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Two Pigeons

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  1. I must begin this posting by saying that I haven't seen this bill as it had no real appeal for me. I have seen Lyric Pieces often enough and I was not gripped by the other works. However, I did see the vintage suitcase on Bargain Hunt - oh the joys of retirement! - so I can imagine that thought would have struck me too. Not only was i not gripped by the programme but someone else whose opinion i value highly was very unimpressed with the show so I was pleased I had stayed home. I share the concerns expressed above about the quality of the mixed bills in recent years. I must stress that this is absolutely NO reflection on any of the dancers or their peformance but since the company has gone in for these rather gimmicky combinations with supposedly catchy titles the programmes have been somewhat hit or miss. I also take on Alison's point about the poor attendance. However, this does not always reflect poor programming. the double bill we had a few years ago of the Dream and A Month in the Country was one of the finest bills I have seen in 40 years of ballet doing. in the days of Sir Peter Wright, both SWRB and BRB had great mixed bills and there was always something to really enjoy. I always say that my all time favourite was at the old Sadler's Wells and it was Les Rendezvous (in the proper costumes), the Dream and Facade. spot the Ashton fan! I often heard die hard RB fans say that the SWRB triple bills were far more attractive than some of those at the Opera House (I am talking the 80s here). I would suggest that Kevin O'H has learnt from the master and his are pretty uniformally successful where as the BRB ones are going in the other direction. Admittedly funding may have something to do with this. Finally, may I say Janet, that when someone as utterly devoted to BRB as you and with your ability to always find something to appreciate in every performance mentions specifically that there is an increasing problem here it shows that all is very far from well in this respect. Like you I hope that this is not a worrying sign for the future but I fear it may be. New and modern is not always a guarantee of success and it is unfair to expect the excellence of the dancers to be relied on to carry less than successful work.
  2. Don't forget a certain Kevin O'Hare banging the drum and as one of the three men in the trio section. I still think they will find it very hard to beat the utterly scene stealing Brandon Lawrence on the cymbals.
  3. I agree. it goes a long way for making up that I will miss Tyrone Singleton in the Salvation Army.
  4. I would love to have been able to get to the Saturday night at the Wells but this is totally impractical for me these days. Having been to the opening night at the ROH, the first night in Birmingham, the last performance of SWRB in Liverpool, Karen Donovan's last in Plymouth amongst others I would have loved to have completed the cycle with the very last showing. Added to that I would have had the opportunity to see the other cast. I have absolutely no qualms about the excellence of both casts but I had been looking forward to seeing Lachlan in the role for over a year now. At the end of the day, Que Sera Sera.
  5. I am pretty cheesed off that I have booked two performances and they are both with Max Maslan and Beatrice Parma. Absolutely NO offence to them but I really did feel that the occasion of Bintley's farewell would have warranted the first cast. My husband is adamant he won't take a third time. Incidentally, I agree with Janet's disappointment that Mathias Dingman has not been cast. I supposed that as there are so few performances the casts are restricted to two. I was really hoping to see both casts for the Salvation Army bit too!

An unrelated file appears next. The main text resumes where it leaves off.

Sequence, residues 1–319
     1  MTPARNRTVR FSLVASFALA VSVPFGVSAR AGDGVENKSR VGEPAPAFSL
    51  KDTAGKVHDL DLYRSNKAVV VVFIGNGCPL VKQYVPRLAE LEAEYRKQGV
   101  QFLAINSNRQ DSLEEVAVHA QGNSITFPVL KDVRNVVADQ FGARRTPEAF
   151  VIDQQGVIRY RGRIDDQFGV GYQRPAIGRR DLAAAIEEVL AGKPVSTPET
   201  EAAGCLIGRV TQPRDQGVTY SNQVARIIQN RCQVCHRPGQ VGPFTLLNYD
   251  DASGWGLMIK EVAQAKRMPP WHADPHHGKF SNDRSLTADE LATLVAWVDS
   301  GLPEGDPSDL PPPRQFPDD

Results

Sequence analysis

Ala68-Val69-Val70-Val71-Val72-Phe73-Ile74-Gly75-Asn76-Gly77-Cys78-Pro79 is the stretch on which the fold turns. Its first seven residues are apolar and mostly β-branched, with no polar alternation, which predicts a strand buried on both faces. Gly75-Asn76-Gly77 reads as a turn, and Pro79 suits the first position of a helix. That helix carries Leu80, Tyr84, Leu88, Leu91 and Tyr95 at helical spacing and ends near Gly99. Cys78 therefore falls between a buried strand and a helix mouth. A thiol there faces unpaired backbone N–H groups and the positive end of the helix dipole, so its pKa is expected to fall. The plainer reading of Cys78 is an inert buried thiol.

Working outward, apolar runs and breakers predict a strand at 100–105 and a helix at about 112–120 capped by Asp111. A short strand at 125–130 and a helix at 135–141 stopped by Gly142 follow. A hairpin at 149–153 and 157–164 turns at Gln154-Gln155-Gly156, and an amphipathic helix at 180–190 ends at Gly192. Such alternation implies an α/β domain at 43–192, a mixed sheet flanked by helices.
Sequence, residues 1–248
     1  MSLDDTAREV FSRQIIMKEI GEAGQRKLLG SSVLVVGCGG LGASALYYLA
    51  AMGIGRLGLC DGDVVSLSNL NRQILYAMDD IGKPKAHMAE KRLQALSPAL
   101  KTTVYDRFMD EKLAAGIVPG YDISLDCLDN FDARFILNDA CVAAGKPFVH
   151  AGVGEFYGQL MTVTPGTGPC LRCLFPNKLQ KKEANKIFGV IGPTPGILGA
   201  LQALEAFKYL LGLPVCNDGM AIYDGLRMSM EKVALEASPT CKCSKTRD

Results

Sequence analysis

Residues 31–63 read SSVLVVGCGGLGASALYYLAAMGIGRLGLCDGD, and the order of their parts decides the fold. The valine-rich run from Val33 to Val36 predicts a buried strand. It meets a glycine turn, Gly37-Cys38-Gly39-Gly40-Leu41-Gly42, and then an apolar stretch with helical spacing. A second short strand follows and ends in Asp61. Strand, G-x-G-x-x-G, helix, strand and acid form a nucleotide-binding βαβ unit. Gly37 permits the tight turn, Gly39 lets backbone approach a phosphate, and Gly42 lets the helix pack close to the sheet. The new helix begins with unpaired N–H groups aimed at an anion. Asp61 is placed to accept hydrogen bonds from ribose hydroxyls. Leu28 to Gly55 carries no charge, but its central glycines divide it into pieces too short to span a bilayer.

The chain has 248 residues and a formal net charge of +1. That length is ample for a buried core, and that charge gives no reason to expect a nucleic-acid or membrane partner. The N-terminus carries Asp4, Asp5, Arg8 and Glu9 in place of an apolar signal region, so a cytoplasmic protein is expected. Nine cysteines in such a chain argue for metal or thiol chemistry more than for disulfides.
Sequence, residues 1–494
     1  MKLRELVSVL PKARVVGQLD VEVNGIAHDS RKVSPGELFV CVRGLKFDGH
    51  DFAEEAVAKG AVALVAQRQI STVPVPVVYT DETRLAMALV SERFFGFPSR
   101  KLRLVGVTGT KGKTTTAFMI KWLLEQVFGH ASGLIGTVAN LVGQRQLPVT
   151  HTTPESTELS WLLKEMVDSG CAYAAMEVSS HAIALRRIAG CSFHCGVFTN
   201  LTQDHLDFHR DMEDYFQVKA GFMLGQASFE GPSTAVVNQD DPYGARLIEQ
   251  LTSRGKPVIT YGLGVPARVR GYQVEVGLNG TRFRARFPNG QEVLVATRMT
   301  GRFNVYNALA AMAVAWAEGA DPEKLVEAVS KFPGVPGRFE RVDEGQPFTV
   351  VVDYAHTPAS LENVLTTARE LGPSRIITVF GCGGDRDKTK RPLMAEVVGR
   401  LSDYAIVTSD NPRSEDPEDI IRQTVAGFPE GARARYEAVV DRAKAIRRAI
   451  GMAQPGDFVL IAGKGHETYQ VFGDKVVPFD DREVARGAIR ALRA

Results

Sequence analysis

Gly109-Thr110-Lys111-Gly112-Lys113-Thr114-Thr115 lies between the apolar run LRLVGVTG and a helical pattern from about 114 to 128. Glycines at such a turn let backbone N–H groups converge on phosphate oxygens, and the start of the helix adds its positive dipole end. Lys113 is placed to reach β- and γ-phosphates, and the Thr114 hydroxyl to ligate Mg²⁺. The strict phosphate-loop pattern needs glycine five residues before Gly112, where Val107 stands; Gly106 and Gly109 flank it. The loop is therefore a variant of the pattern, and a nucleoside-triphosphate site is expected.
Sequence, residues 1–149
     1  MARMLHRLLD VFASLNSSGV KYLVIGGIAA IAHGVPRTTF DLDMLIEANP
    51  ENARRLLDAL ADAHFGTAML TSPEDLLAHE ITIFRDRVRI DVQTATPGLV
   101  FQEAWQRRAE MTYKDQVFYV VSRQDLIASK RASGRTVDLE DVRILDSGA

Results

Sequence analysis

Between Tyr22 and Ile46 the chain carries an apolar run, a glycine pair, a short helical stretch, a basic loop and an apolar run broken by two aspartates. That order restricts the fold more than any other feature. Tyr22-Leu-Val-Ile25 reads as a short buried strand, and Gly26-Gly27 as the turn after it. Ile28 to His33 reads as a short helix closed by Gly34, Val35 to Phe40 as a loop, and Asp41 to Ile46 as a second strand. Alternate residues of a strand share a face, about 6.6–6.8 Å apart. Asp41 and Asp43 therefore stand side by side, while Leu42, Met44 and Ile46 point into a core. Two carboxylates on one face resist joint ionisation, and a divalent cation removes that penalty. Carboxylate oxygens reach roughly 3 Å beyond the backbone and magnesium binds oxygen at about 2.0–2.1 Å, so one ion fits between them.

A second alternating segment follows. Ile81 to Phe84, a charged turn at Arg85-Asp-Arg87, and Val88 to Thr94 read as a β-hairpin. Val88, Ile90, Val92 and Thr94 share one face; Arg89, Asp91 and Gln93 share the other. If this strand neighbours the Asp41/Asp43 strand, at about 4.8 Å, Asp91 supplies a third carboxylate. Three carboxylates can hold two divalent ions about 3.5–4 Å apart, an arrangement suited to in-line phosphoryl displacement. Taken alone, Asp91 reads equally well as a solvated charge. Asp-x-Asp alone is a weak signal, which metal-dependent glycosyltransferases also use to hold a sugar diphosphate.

6. Don't go on about it! LOL. Remember, you also saw Tyrone Singleton's first Romeo. Actually, seriously, haven't we both been really lucky over the past few decades? It seems a bit petty to moan about the stuff we have missed. Mind you, a bit of pettiness won't stop me seething about one or two omissions. See you for Hobson's. Really can't wait but some casting would be nice.
  7. P.s., best La Bayadere ever, Asylmuratova, Ruzimatov and Guillem as Gamzatti at the ROH in the early 90s. Now THAT was ballet.
  8. This is the cast I want to see most. For me Samara Downs is an ideal Maggie and if it isn't Lachlan as Will I will ask for my money back.
  9. Daphnis and Chloe, The Firebird, Raymonda, Cinderella (Prokofiev) are all first thoughts for me. If this is a list of music written for ballet (as opposed to things like Theme and Variations which are adapted from concert works) two of my favourites as being created scores which are excellent for their intend purpose I would list Paul Reade's music for Hobson's Choice and Far From the Madding Crowd. It was a real loss to the world of ballet music that he died so young.
  10. The Farmer designs were all in Autumnal colours but the big giveaway that it is Sir Peter's production is the photo of the two side boys in the Act I pas de six. The Bintley/Samsova one only has the regular pas de deux.
  11. It would appear Iain Webb had the sense to acquire the SPW production with designs by Peter Farmer rather than the Bintley/ Samsova later one as designed by Haydn Griffin. BRB will be using the latter next season.
  12. I can't see Carlos putting up with antics of some of the other judges. He would take the whole thing seriously which is not want the BBC seems to want these days.
  13. Karen Hardy would be a very good suggestion but she might be too much competition for Shirley thingy. Whoever it is I really hope the slide from ballroom to more or less being shoved aside in favour of Latin is halted or even reversed.
  14. The Arlene Phillips suggestion recurs every time a judge's place becomes available. I cannot see the BBC revisiting that one. 'Cheryl' please God no!!! I think we can be pretty safe that it won't be a white, middle aged man - sorry Anton, you're too popular. I can see Ore Oduba getting the gig. Lots of boxes ticked, but the BBC appears to promoting only women at the moment. I take it Fiona Bruce is too busy.
  15. Darcey has always put 'bums on seats' and I suspect she is now well know enough to pull in the punters, despite the literary quality (or lack of it) of the most recent book. She has had a very interesting life and I am sure a lot of people would wish to hear her be interviewed. She will be far more upbeat and positive than several more authors.